Star pretending to be a supernova has a strange companion

star and blue chair

Scientists recently solved a mystery involving X-rays that were where they shouldn’t have been and a mysterious main character—a star pretending to be a supernova.

The discovery surrounding the unusual system seen in galaxy NGC 300, a spiral galaxy more than 6 million light years away, illustrates the importance of being in the right place at the right time.

Such was the case in May 2010 when an amateur South African astronomer pointed his telescope toward NGC300 and discovered what appeared to be a supernova—a massive star ending its life in a blaze of glory.

“Most supernovae are visible for a short time and then—over a matter of weeks—fade from view,” says Breanna Binder, a postdoctoral researcher in the astronomy department at the University of Washington.

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After a star explodes as a supernova, it usually leaves behind either a black hole or what’s called a neutron star—the collapsed, high-density core of the former star. Neither should be visible to Earth after a few weeks. But this supernova—SN 2010da—still was.

“SN 2010da is what we call a ‘supernova impostor’—something initially thought to be a supernova based on a bright emission of light, but later to be shown as a massive star that for some reason is showing this enormous flare of activity,” Binder says.

Many supernova impostors appear to be massive stars in a binary system—two stars in orbit of one another. Stellar astrophysicists think that the impostor’s occasional flare-ups might be due to perturbations from its neighbor.

For SN 2010da, the story appeared to be over until September 2010—four months after it was confirmed as an impostor—when Binder pointed NASA’s Chandra X-ray Observatory toward NGC300 and found something unexpected.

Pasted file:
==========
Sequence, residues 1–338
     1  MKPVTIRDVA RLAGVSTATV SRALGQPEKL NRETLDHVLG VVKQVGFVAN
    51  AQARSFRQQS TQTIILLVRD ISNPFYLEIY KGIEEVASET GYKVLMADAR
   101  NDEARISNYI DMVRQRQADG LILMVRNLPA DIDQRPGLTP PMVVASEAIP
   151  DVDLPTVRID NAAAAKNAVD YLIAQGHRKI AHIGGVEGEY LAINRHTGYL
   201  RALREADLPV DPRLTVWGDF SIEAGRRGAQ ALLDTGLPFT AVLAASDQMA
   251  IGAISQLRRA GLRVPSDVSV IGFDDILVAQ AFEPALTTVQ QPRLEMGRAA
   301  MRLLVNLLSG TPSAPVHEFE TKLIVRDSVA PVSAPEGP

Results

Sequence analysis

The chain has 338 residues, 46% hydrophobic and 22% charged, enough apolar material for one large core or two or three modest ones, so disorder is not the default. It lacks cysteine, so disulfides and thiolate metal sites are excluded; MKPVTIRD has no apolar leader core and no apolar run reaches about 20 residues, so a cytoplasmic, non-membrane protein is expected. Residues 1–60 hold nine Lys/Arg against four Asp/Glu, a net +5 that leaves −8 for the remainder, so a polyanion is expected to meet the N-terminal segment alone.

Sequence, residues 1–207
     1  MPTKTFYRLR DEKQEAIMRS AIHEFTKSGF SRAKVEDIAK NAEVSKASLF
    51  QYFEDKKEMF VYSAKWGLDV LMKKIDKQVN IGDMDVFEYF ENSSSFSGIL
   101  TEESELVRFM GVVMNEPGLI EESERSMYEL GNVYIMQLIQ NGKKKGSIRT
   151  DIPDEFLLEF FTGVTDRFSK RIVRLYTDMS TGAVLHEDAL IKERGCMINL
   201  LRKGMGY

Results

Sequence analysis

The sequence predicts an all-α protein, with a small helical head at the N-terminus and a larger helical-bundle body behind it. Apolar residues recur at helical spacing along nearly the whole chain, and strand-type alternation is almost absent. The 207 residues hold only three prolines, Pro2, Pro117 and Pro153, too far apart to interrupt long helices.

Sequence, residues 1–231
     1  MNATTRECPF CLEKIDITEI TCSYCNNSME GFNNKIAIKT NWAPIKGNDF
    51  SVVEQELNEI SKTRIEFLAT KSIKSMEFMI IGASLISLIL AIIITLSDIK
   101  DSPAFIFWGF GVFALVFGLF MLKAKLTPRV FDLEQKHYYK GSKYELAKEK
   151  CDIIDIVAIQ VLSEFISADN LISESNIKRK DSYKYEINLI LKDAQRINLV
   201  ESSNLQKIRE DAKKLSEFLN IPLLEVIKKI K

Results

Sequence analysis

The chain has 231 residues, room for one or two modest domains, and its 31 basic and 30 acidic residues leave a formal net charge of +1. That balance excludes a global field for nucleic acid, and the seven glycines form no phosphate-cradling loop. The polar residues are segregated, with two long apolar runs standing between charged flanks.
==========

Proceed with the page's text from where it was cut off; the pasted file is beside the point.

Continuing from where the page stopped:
Incredibly rare binary system

“There was just this massive amount of X-rays coming from SN 2010da, which you should not see coming from a supernova impostor,” she says.

Researchers considered a variety of explanations. For example, material from the star’s corona could be hitting a nearby dust cloud. But that would not produce the level of X-rays that were observed. Instead, the intensity of the X-rays coming from SN 2010da were consistent with a neutron star—the dense, collapsed core remnant of a supernovae.

“A neutron star at this location would be surprising,” Binder says, “since we already knew that this star was a supernova impostor—not an actual supernova.”

In 2014, Binder and her colleagues looked at this system again with Chandra and, for the first time, the Hubble Space Telescope. They found the impostor star and those puzzling X-ray emissions. Based on these new data, they concluded that, like many other supernovae impostors, SN 2010da likely has a companion. But, unlike any other supernovae impostor binary reported to date, SN 2010da is probably paired with a neutron star.

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“If this star’s companion truly is a neutron star, that would mean that the neutron star was once a giant, massive star that underwent its own supernova explosion in the past,” Binder says. “The fact that this supernova event didn’t expel the other star, which is 20 to 25 times the mass of our sun, makes this an incredibly rare type of binary system.”

To understand how this unusual binary system could form, the researchers considered the age of the stars in this region of space. Looking at stellar size and luminosity, they discovered that most nearby stars were created in two bursts—one 30 million years ago and the other less than 5 million years ago. But neither SN 2010da nor its presumed neutron star companion could’ve been created in the older burst of starbirth.

“Most stars that are as massive as these usually live 10 to 20 million years, not 30 million,” Binder says. “The most massive, hottest stars can form, grow, swell, explode, and leave a neutron star emitting X-rays in about 5 million years.”

Surveys of the galaxy as recently as 2007 and 2008 detected no X-ray emissions from the location of SN 2010da. Instead, Binder believes that the X-rays they first found in 2010 represent the neutron star “turning on” for the first time after its formation. The X-rays are likely produced when material from the imposter star is transferred to the neutron star companion.

“That would mean that this is a really rare system at an early stage of formation,” Binder says, “and we could learn a lot about how massive stars form and die by continuing to study this unique pairing.”

Other researches from the University of Washington and from the National Tsing Hua University, the Harvard-Smithsonian Center for Astrophysics, the University of Minnesota, Raytheon are coauthors of the study, which was funded by NASA and is published in the journal Monthly Notices of the Royal Astronomical Society.

Source: University of Washington

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